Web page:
Ph.D. candidate and illustrator Stephanie Smith was a natural born biologist. She spent her childhood rifling around the dirt for treasures like “tiny frogs, raccoons, mushrooms, cicada shells, worms, and wild strawberries.”
Those fledgling years in Newark, Ohio sparked her passion, which she now channels in her teaching assistantship and studies at the Department of Biology at the University of Washington in Seattle.
“When I went to college I was originally interested in paleoanthropology, but I took a mammal evolution class my second semester and that was what really got me interested in fossil mammals in general,” Stephanie explains. “I asked the professor if I could work in his lab and he took me on to wash and organize mammal fossils, and to sort through fossiliferous sediment (read: dirt with tiiiiiny fossils in it) under a microscope. That volunteer position was the thing that really started to get me excited about studying mammals.”
The summer following her sophomore year of college offered her an opportunity to do field work in the Bighorn Basin in Wyoming with Ken Rose and his field crew.
“On our first day out collecting fossils, I remember I found a jaw of a tiny horse (Hyracotherium) with three teeth in it, and I think I decided that day that I wanted to do this forever,” she says.
These days, much of Stephanie’s time is dedicated to completing her Ph.D. dissertation and illustrating things she finds interesting in nature.
“I’m working with a bunch of collaborators right now on a manuscript of one of my dissertation chapters, where we’re looking at changes in the type and relative abundance of different kinds of mammals on the landscape right after the Cretaceous-Paleogene (K-Pg) mass extinction, which is the one that wiped out all dinosaurs except birds,” she says.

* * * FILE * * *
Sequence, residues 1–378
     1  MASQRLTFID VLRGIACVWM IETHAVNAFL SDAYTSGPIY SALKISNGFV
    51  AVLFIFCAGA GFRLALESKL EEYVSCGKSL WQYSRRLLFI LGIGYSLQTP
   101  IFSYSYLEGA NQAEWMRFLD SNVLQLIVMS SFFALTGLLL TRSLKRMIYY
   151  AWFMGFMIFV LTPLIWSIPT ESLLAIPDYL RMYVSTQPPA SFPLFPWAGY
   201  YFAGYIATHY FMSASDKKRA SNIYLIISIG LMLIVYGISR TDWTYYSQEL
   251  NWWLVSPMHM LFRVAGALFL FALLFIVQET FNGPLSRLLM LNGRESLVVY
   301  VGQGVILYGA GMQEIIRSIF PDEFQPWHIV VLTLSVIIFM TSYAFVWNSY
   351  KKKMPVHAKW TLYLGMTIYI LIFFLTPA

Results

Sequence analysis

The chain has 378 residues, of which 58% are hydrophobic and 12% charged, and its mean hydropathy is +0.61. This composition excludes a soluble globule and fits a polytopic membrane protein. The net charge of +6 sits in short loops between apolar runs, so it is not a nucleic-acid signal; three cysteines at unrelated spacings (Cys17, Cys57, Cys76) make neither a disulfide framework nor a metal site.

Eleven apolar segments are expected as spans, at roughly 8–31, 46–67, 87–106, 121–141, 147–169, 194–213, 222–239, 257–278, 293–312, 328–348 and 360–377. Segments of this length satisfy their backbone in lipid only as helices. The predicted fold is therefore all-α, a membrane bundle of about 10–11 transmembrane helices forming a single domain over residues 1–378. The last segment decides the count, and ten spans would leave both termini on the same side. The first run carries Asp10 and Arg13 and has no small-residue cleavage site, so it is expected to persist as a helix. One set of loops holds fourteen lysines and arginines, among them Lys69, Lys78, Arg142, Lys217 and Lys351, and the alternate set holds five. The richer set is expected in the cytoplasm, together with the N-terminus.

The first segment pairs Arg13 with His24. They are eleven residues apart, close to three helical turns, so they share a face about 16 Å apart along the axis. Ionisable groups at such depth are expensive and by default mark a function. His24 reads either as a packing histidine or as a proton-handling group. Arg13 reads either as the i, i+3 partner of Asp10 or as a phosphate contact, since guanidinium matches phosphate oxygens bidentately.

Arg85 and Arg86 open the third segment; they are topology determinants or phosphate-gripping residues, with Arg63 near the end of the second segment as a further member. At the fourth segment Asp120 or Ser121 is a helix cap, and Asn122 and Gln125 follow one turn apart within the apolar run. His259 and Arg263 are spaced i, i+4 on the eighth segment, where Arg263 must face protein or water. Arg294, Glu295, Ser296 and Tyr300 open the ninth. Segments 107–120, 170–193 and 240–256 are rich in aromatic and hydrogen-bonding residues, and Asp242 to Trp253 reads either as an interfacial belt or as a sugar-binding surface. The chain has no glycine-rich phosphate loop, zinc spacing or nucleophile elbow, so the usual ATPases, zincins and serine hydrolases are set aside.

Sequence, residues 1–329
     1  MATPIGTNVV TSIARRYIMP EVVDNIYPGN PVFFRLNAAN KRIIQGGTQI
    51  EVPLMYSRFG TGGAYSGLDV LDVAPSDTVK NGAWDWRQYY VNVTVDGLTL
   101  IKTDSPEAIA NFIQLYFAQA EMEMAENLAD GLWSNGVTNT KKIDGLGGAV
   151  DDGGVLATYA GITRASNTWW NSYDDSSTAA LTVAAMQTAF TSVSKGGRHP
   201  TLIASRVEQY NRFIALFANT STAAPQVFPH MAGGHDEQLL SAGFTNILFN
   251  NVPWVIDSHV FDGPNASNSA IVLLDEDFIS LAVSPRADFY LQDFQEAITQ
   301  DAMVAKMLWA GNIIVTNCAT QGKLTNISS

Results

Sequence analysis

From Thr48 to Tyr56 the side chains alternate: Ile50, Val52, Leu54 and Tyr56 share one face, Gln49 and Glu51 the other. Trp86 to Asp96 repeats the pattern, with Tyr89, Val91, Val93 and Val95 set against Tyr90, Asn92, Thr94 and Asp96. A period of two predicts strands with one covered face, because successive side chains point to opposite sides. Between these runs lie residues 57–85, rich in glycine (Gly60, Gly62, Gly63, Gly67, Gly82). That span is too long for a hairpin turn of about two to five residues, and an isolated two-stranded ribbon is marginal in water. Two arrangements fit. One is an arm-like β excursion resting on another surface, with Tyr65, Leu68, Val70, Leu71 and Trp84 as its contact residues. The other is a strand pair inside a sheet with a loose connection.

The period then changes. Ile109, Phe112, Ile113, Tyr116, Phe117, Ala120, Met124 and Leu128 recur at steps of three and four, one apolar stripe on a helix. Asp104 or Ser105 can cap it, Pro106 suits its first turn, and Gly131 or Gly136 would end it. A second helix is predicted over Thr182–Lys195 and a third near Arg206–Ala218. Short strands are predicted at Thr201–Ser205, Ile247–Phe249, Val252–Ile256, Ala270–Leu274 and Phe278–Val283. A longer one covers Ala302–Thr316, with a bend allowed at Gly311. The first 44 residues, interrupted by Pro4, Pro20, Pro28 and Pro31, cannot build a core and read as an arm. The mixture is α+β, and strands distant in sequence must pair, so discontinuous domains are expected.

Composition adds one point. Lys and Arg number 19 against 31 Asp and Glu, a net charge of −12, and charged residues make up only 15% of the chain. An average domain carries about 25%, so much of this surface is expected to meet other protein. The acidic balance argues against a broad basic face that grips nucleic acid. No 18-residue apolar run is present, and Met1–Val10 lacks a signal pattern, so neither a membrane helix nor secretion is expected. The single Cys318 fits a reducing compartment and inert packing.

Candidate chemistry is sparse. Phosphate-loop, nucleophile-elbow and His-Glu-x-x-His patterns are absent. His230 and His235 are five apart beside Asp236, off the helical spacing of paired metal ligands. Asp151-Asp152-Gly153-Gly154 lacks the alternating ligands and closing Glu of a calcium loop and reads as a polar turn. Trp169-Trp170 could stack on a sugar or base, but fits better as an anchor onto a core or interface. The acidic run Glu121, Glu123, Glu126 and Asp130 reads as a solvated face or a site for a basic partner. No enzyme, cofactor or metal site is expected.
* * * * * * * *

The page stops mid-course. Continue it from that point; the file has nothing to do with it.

“I get to draw these big mural-type figures on the board for my students when I teach about them. I find that using simplified line drawings and flow-charts can help my students grasp complicated concepts, especially people who are very visual learners,” she explains.
Beyond the classroom, Stephanie has designed the t-shirt for the Discoveries in Geoscience (DIG) Field School, once again using her artistic talent combined with her love of paleontology.
“The DIG is a free professional development opportunity where K-12 STEM teachers come join our research team in the field for four days of research experience and hijinks. I’ve been a field instructor for the DIG for five years and it’s one of my favorite things to be involved in because of how excited the teachers get about paleontology!”
In the future, Stephanie hopes to get a job working in a natural history museum where she could ideally do her research, write grants, and use her illustration skills to inform and inspire the public about science.
“Science communication is really important to me, and illustration lets me inject more creativity and personality into the process,” she says.
And beyond that personality powering her paleontological prowess, what message does Stephanie hope to communicate to young women stoked by science?
“Don’t be afraid to go out and learn new things for yourself! You can learn about a million things just by observing what’s going on in the world around you, and asking questions and investigating. Learning is not just a thing that happens in a classroom.”
Very cool advice from a very cool girl! Thanks, Stephanie, and best of luck with your dissertation!